Scrubbing the skin with sugar is one of the oldest beauty routines.

Sugar grains are a form of crystal with sharp edges that, if rubbed on the surface of the skin, removes the dead skin cell layer. Removing dead skin cell layers is called “exfoliation.” Sugar on the surface of the skin converts to glycolic acid, which is one of the best exfoliating agents. Glycolic acid and sugar particles not only remove dead skin cell layers but also open up pores and refresh the skin.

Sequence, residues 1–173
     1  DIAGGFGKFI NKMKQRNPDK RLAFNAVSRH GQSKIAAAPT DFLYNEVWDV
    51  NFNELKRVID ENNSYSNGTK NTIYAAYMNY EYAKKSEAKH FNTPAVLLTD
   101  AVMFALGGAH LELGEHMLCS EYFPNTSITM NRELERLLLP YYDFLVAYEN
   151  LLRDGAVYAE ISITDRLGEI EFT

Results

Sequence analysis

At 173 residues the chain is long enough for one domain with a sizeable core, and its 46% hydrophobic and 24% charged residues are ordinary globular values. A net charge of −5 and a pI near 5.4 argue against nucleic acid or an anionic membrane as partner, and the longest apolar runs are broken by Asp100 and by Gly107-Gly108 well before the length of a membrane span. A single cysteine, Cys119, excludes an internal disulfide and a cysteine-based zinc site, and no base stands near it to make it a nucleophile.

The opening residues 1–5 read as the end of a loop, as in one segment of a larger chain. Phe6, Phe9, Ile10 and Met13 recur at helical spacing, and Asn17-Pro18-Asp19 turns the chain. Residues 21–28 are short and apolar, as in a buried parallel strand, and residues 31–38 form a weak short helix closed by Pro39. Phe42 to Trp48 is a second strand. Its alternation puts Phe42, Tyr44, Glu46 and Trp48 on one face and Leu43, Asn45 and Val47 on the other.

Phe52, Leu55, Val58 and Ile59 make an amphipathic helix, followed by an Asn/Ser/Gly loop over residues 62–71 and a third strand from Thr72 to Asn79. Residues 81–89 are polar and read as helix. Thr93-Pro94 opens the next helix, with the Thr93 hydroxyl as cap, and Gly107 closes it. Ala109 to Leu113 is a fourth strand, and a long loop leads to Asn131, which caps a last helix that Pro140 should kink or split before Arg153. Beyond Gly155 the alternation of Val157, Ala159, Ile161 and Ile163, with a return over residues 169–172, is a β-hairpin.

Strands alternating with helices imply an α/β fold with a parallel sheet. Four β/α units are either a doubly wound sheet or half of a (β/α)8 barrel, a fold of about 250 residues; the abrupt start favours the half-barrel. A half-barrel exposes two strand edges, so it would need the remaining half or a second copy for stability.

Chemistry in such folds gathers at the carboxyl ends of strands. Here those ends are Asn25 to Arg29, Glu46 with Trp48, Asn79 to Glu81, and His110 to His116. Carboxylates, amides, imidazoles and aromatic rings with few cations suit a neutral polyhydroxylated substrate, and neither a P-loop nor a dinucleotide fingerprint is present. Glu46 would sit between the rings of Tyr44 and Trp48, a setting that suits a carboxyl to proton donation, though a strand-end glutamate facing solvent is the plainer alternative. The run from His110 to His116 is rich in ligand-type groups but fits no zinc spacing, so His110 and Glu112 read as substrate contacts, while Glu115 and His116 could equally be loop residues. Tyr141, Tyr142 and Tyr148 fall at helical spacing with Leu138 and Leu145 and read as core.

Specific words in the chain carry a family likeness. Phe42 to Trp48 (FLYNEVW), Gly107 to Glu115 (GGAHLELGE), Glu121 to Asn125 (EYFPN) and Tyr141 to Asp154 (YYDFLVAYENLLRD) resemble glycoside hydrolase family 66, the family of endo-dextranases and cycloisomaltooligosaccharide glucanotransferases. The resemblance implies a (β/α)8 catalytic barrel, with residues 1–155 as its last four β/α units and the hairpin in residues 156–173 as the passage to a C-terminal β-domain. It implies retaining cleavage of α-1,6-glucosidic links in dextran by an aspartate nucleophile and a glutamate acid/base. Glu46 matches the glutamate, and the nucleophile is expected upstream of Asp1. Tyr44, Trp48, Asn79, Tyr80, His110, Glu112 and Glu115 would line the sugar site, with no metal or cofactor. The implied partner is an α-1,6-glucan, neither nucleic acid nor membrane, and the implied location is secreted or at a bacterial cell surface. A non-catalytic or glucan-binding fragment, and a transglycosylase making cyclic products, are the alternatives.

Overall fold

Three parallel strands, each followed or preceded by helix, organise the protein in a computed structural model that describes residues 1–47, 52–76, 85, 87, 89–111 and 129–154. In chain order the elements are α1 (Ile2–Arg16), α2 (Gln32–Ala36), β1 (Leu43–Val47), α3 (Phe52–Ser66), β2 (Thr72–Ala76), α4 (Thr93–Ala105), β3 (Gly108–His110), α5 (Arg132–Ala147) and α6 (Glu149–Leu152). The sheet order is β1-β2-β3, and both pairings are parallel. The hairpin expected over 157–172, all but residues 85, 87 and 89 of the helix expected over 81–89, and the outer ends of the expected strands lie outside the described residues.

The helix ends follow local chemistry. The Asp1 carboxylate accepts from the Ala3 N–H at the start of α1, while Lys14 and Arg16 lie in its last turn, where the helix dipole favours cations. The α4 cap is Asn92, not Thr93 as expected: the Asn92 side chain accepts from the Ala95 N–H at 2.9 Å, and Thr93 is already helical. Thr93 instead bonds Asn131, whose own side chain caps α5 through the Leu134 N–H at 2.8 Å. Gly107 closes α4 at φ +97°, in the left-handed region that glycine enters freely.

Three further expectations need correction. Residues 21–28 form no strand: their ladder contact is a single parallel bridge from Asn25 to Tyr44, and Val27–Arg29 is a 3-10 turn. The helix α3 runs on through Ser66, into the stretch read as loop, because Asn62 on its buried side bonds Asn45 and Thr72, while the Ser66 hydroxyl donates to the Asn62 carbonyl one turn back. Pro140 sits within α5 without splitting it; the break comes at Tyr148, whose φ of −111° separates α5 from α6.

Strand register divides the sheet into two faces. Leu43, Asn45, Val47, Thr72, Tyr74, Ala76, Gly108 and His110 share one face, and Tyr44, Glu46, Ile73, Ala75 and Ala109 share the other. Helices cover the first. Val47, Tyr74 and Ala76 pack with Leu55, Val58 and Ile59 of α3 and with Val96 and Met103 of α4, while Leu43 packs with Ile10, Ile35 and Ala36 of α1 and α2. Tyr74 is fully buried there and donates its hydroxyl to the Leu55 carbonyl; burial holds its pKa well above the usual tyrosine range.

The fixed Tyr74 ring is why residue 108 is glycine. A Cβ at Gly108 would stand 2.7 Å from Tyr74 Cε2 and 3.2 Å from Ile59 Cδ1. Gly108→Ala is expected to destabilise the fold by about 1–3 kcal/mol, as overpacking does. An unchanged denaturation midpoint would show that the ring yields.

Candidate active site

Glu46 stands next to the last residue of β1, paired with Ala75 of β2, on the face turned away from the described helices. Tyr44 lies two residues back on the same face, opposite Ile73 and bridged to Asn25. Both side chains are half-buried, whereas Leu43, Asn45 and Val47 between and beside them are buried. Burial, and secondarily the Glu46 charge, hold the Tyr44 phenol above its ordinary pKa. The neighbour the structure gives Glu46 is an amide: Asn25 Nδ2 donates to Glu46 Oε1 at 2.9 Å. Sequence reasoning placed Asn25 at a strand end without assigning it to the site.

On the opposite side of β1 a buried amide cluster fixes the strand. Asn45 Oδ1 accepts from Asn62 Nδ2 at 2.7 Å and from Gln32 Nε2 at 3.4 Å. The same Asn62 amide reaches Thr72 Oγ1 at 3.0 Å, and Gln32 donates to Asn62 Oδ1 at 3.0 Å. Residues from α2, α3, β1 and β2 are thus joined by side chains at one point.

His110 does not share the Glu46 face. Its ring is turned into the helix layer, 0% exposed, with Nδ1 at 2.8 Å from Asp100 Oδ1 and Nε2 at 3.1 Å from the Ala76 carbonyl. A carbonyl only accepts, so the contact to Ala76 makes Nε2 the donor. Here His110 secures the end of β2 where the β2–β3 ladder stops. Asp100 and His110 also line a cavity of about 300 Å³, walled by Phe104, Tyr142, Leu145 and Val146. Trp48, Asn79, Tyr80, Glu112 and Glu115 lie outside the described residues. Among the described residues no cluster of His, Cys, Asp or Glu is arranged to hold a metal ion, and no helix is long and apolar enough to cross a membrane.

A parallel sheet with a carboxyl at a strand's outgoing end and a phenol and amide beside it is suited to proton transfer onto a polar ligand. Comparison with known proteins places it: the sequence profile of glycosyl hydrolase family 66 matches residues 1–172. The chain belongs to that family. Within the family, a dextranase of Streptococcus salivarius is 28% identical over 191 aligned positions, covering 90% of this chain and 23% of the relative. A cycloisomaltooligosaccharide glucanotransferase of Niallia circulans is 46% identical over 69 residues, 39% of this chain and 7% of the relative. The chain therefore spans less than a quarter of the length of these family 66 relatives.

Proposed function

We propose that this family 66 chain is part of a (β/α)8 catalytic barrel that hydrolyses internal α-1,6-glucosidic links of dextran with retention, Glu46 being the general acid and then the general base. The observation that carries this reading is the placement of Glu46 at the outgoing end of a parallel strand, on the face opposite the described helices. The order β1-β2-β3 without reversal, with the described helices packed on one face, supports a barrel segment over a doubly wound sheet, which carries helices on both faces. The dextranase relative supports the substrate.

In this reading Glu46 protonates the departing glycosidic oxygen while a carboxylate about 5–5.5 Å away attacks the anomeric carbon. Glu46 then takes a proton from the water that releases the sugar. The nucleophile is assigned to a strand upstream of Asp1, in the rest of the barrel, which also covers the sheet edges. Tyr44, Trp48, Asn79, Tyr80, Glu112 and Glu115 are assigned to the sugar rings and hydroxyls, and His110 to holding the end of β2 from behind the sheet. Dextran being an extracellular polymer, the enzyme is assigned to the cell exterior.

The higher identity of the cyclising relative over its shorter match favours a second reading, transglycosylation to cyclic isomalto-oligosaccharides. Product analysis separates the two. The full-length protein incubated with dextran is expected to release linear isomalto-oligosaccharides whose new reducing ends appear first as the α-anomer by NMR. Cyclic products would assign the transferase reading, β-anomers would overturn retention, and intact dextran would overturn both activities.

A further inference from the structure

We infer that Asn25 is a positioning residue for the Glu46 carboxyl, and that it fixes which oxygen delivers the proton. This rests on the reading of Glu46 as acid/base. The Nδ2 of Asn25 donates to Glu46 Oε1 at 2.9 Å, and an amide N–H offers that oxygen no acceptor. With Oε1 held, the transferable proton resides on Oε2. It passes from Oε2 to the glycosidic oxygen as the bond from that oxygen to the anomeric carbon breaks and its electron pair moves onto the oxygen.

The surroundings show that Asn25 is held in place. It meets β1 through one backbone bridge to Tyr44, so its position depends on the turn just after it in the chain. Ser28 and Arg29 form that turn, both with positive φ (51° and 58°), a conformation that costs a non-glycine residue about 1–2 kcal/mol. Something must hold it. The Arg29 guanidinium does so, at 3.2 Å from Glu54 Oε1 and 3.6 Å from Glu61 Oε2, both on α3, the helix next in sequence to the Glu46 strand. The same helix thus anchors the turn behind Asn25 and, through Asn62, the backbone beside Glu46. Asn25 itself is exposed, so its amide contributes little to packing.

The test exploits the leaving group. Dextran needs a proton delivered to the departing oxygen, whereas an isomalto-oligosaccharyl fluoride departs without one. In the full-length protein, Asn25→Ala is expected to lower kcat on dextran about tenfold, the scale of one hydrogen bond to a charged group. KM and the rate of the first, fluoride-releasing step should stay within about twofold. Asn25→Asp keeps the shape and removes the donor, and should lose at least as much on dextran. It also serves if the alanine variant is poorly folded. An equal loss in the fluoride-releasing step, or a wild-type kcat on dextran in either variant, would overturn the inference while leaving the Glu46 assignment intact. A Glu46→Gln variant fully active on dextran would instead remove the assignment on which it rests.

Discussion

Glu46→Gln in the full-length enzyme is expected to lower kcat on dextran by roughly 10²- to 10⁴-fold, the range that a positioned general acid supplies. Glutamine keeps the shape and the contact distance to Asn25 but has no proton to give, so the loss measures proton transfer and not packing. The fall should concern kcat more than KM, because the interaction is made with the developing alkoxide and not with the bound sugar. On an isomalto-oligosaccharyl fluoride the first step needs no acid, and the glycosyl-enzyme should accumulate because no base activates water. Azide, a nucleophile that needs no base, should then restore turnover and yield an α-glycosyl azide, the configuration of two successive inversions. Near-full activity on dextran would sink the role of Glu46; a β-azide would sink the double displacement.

Sugar is a natural humectant, which means it holds water on the surface of the skin, and, therefore, it is a moisturizer. To get the best of the sugar moisturizing effect, it is recommended not to wash off sugar scrubs with soap or other detergents. A mild lukewarm shower is enough to rinse off excess.

To make a sugar scrub, you need oil (olive or coconut), plus an aromatic or essential oil (lemon, orange, or your favorite essential oil) and some white or brown sugar. Brown sugar is milder and preferred for sensitive and delicate skin.

Sugar scrubs can be used on the face and the whole body. To make sure your body doesn’t have any sensitivity to sugar scrubs or its ingredients, a test scrub on the inner side of your forearm is recommended.